Some hotel owners in Abuja have lamented how the economic downturn caused by the coronavirus pandemic in Nigeria has hit their businesses hard.
The hotel industry, after the aviation sector, has been badly hit by the impact of the pandemic.
Nigeria has currently recorded over 4000 infections and over a 100 deaths. Hundreds have also recovered in Nigeria from the ailment that has killed over 270, 000 across the globe.
The federal government and some state governments have imposed lockdowns to curtail the spread of the virus.
Since the lockdown, especially in Lagos, Ogun and the FCT, a lot of economic activities have been halted.
In Nigeria, the aviation sector alone is reportedly losing billions of naira monthly. Hotels have also been shut down as a result of the pandemic.
Nigeria’s booming entertainment/event industry has also been affected as well.
With the usually busy entrances and lobbies of hotels like Transcorp Hilton now empty, perishable items stored by the hotels have been wasted.
‘8 million jobs lost in travel sector’
Due to the crisis, experts say that nearly 8 million persons in Africa’s travel and tourism sector have so far lost their jobs. This sector aids the growth of hotel businesses in no small measure.
This was disclosed in an appeal by five international air transport and tourism bodies. They had solicited support from international financial institutions, country development partners and international donors.
They said without urgent funding, the COVID-19 crisis could see a collapse of the sector in Africa, taking with it millions of jobs.
The request was jointly made by the International Air Transport Association (IATA), the UN World Tourism Organization (UNWTO), the World Travel & Tourism Council (WTTC), the African Airlines Association (AFRAA) and the Airlines Association of Southern Africa (AASA).
“Travel & Tourism is the backbone of many economies across Africa and its collapse will lead to hundreds of millions of livelihoods being impacted and enormous financial pressure for years to come. Now, more than ever, it is vital that governments work together on a globally coordinated approach towards a swift recovery and ongoing support for Travel & Tourism. It is critical that the most vulnerable communities receive international help.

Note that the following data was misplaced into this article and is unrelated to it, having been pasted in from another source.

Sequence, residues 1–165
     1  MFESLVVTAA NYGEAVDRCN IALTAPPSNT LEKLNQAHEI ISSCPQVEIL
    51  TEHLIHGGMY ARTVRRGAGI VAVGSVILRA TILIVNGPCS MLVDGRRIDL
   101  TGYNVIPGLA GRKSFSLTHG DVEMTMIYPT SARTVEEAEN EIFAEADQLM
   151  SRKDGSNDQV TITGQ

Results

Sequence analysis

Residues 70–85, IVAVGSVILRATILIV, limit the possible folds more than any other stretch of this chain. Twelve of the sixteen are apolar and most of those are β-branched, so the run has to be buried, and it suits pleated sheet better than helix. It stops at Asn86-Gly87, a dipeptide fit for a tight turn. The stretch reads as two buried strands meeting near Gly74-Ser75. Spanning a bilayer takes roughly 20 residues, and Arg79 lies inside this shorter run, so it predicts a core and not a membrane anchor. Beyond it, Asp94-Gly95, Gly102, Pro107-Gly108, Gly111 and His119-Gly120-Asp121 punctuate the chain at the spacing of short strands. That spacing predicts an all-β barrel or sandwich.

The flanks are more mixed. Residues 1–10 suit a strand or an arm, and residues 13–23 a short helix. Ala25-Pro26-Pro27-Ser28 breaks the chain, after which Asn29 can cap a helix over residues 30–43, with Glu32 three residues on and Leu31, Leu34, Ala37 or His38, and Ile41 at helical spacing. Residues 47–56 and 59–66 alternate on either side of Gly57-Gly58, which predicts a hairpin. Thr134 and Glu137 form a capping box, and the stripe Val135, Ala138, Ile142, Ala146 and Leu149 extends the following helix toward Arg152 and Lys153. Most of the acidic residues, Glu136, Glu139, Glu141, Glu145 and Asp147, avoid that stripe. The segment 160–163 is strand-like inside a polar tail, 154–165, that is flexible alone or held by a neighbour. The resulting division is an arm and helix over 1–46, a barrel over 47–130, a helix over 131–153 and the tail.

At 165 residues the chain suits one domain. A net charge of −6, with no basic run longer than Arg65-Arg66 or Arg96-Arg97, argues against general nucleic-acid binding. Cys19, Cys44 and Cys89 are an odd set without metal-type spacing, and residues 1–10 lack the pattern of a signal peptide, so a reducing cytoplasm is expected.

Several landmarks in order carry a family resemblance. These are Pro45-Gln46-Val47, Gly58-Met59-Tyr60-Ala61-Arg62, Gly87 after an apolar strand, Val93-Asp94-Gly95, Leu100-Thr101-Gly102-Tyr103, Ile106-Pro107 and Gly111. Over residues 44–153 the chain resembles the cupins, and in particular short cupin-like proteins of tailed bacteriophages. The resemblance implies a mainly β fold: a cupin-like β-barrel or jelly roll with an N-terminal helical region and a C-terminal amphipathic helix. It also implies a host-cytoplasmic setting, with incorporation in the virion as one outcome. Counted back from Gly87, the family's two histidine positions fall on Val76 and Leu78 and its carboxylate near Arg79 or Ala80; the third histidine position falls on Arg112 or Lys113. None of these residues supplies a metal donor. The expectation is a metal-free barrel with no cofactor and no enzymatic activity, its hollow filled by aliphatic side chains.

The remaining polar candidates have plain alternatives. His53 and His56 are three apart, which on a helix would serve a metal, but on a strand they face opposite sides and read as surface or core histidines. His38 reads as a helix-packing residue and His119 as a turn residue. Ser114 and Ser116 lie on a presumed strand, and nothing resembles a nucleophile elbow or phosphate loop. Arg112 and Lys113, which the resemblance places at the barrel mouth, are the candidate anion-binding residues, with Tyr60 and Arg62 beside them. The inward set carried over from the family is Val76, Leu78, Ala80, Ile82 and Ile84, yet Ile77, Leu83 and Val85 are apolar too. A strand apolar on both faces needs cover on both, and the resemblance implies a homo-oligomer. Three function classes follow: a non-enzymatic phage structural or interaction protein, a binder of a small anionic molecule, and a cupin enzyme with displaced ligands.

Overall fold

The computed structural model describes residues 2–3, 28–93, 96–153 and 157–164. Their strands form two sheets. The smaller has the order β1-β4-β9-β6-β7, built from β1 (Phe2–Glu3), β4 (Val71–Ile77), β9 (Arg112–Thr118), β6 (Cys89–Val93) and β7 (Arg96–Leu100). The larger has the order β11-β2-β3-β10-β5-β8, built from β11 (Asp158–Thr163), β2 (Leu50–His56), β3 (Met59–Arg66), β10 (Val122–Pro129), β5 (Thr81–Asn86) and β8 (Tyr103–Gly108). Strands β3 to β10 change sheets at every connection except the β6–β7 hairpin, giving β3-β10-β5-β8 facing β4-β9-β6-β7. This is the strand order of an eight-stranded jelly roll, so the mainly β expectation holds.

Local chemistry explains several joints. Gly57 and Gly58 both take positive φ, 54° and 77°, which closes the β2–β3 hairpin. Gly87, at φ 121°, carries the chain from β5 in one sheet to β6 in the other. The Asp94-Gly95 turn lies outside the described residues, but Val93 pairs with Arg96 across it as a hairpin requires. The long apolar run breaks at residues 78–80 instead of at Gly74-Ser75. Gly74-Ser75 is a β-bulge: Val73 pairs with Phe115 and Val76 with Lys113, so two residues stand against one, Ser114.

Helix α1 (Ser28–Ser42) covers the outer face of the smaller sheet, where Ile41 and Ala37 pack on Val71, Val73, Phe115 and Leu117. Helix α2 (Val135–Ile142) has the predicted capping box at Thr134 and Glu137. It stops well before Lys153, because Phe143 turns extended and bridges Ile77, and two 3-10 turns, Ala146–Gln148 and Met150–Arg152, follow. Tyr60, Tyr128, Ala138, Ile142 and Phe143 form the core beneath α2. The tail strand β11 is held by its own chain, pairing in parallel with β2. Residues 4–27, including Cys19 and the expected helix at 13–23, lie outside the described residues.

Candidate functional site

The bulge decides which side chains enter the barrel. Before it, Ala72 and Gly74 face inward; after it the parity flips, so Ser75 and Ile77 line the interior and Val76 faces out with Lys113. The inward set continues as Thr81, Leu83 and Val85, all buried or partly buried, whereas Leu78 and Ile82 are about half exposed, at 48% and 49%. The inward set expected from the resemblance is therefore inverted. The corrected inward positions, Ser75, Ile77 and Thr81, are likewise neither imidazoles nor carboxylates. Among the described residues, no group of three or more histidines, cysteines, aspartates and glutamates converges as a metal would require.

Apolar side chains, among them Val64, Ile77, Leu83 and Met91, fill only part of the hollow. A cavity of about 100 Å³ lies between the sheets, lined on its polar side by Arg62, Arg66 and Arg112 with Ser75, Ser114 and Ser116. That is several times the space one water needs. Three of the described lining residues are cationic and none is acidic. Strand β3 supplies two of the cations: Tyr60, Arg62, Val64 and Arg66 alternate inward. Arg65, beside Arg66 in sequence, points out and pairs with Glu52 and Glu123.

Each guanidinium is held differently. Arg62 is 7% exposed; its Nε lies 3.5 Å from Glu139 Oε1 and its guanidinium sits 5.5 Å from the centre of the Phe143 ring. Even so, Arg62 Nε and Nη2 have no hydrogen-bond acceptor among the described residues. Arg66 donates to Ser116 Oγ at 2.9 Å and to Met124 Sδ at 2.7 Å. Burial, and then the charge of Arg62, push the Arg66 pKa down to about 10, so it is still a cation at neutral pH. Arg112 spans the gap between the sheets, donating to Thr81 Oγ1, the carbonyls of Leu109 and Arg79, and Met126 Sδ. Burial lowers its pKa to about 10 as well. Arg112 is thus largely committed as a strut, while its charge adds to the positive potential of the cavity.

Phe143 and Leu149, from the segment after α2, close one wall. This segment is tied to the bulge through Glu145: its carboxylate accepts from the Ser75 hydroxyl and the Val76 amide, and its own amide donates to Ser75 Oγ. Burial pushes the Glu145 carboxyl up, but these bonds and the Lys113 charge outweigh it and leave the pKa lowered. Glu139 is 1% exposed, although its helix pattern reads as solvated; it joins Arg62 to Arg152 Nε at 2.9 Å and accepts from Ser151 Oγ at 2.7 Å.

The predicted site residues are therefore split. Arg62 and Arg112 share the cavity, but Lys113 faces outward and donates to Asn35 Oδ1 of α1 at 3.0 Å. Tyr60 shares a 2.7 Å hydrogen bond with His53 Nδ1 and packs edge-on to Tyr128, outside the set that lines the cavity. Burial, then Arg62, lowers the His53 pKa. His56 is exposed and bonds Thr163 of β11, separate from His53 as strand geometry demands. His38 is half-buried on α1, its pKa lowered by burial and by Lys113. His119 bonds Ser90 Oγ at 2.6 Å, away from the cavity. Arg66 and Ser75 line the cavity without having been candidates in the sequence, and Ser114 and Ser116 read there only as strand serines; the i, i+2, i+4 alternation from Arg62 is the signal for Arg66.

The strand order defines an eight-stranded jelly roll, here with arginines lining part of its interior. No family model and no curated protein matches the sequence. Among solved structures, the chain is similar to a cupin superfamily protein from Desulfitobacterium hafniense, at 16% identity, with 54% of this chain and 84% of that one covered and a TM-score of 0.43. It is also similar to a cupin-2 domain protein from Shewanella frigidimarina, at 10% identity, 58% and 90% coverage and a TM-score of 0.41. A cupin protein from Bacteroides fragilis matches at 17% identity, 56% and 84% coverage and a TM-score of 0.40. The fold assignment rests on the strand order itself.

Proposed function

“The speed and strength with which the international community comes together and responds through international financial institutions, country development partners and international donors will be paramount to provide support to the many millions of people whose livelihoods are heavily dependent on our sector,” said Gloria Guevara, WTTC President & CEO.
Transcorp Hilton Abuja did not grant a formal interview when contacted as its spokesperson, Ijeoma Osuji, declined comments.
But some of the security officials said none of the staff was on the premises.
“We stopped operating since the last week in March, nobody is inside, we are just on duty because of a ‘newspaper (stand)’ that occupies a part of our lobby,” he said.
He did not say if salaries of those at home were being paid in full or has been slashed.
The general supervisor of Newland Luxury hotel, Uche Osongi, said despite sending their staff home, “the hotel is still running at a loss”.
“We still pay for light and water that is not being used by guests, it is a great loss to us.”
He said when operation resumes, “they may back-pay their workers but for now, no guests so they (staff) have been told to go home”.
The spokesperson of the Hotel Owners Forum Abuja, Funmi Kazeem, she said “it is only a matter of time before hotel employees will start dabbling into despicable acts”.
“The job of these employees need to be saved. As such, the government needs to intervene and stabilise the industry so as to avoid social cataclysm and total collapse which will be counter-productive.
“There is no way April salary would have been paid when we are on lockdown. This is why we are pleading with the federal government to come to our rescue, so we don’t start laying off staff outrightly, that is if some hotels have not already.”
‘Bills piling up’
Mrs Kazeem said despite the lockdown, hotels still receive outrageous bills from Abuja Electricity Distribution Company.
“Hoteliers are expected to still pay water bills, FIRS, PAYE, PIT, state and local government bills which include land use charge, all these run into billions of naira,” she said.
Mrs Kazeem said the association wrote a letter to the office of the vice president, showing interest in accommodating Nigerians who had returned to the country.
She said the letter was turned down.
“This would have helped cushion the effect of the lockdown on us and equally saved the government a lot of money they are now using to buy tents, beds, bedsheets, pillows, generators, security, which would have been provided by the hotels at a better rate compared to what government is spending now.”
The official said the hotels could be saved if at least N120 billion could be injected as lifeline by the Nigerian government.
Last week, the federal government announced its plan to inject N2 trillion stimulus into the economy. It also said it is considering ways to support the aviation sector considered the worse hit during the lockdown.